IRS Tax Scams

Tax scammers impersonating the IRS either by phone, email or in person cost people their time and money. The IRS estimates that scams cost victims over $38 million.

Here are several tips from the IRS to help you avoid being a victim of  IRS tax scams:

  • IRS Tax Scams use scare tactics. Criminals impersonate IRS employees and call taxpayers in aggressive and sophisticated ways. Imposters claim to be IRS employees and sound very convincing. Scammers use fake names and phony IRS identification badge numbers. They’re demanding and threatening and do not reflect how the IRS handles enforcement matters. These aggressive and sophisticated scammers try to scare people into making an immediate payment. Often they make threats, often threaten arrest or deportation, or they say they’ll take away your driver’s or professional license if you don’t pay. They may also leave “urgent” callback requests, sometimes through “robo-calls.” Emails will often contain a fake IRS document with a phone number or email address.
  • IRS Tax Scams spoof caller ID. Scammers often alter caller ID to make it look like the IRS or another agency is calling. The callers use IRS titles and fake badge numbers to appear legitimate. They may use online resources to get your name, address and other details about your life to make the call sound official.
  • Scams use phishing email and regular mail. IRS Tax Scam scammers copy official IRS letterhead to use in email or regular mail they send to victims. In another new variation, scammers provide an actual IRS address where they tell the victim to mail a receipt for the payment they make. This makes the scheme look official.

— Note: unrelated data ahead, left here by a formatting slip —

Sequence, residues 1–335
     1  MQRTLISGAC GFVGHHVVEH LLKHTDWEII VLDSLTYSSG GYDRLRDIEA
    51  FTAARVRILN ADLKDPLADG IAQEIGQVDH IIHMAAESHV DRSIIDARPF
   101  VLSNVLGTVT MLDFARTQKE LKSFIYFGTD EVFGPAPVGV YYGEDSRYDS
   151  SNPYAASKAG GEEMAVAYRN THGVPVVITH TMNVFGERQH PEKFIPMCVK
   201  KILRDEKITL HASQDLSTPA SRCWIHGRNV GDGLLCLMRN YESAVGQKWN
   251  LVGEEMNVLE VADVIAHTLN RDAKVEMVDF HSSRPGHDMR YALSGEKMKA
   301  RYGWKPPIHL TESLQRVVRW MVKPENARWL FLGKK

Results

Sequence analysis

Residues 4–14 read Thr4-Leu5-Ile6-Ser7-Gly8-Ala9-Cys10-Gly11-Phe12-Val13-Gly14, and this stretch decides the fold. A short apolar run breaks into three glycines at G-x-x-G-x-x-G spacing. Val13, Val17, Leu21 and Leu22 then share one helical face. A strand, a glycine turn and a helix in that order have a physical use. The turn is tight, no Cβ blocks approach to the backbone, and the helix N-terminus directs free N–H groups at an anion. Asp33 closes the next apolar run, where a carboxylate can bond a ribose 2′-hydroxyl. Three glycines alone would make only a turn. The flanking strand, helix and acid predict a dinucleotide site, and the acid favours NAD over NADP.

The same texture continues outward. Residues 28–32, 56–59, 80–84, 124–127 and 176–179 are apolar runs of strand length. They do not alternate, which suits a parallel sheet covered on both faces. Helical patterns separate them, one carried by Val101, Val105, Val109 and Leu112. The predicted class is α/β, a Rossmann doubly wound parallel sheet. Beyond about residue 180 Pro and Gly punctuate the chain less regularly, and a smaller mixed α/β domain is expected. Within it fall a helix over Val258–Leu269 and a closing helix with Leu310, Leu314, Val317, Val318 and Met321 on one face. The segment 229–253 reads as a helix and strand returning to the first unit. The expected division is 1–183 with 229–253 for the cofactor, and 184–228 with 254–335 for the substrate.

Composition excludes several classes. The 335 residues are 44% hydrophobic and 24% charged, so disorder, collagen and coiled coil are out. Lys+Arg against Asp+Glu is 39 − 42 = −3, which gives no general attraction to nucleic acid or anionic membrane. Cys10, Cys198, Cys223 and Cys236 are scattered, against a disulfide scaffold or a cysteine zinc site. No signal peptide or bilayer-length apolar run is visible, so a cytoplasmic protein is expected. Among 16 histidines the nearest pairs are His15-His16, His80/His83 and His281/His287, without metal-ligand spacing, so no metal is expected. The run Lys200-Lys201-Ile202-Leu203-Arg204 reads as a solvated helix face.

The real IRS will never do the following:

  • The IRS will not call you about your tax bill without first sending you a bill in the mail.
  • The IRS does not use email, text messages or social media to discuss tax debts or refunds with taxpayers.
  • Demand immediate payment of taxes and not allow you to question or appeal the amount that you owe.
  • Require that you pay your taxes a certain way. For instance, pay with a prepaid debit card, gift card or wire transfer.
  • Ask for credit or debit card numbers over the phone.
  • Ever threaten to bring in police, immigration or other agencies to arrest you for not paying.
  • Try to threaten you with a lawsuit or deportation..
  • Threaten to revoke a driver’s license or business license or immigration status.

How the real IRS initiates contact:

  • The IRS initiates most contacts with taxpayers through regular mail delivered by the U.S. Postal Service. However, there are special circumstances in which the IRS will call or come to a home or business, such as:
    • When a taxpayer has an overdue tax bill,
    • To secure a delinquent tax return or a delinquent employment tax payment,
    • To tour a business, for example, as part of an audit or during criminal investigations.
  • Even then, taxpayers will generally first receive a letter or sometimes more than one letter, often called notices, from the IRS in the mail.  You will know it is a n IRS Tax Scam if the IRS varies from these processes.

What to do:

  • If you suspect an IRS Tax Scam, do not provide any information to the caller. Hang up immediately and do not admit them into your home or business.
  • Contact the Treasury Inspector General for Tax Administration. Use TIGTA’s “IRS Impersonation Scam Reporting” web page to report the incident.
  • You should also report it to the Federal Trade Commission. Use the “FTC Complaint Assistant” on Please add “IRS Telephone Scam” in the notes.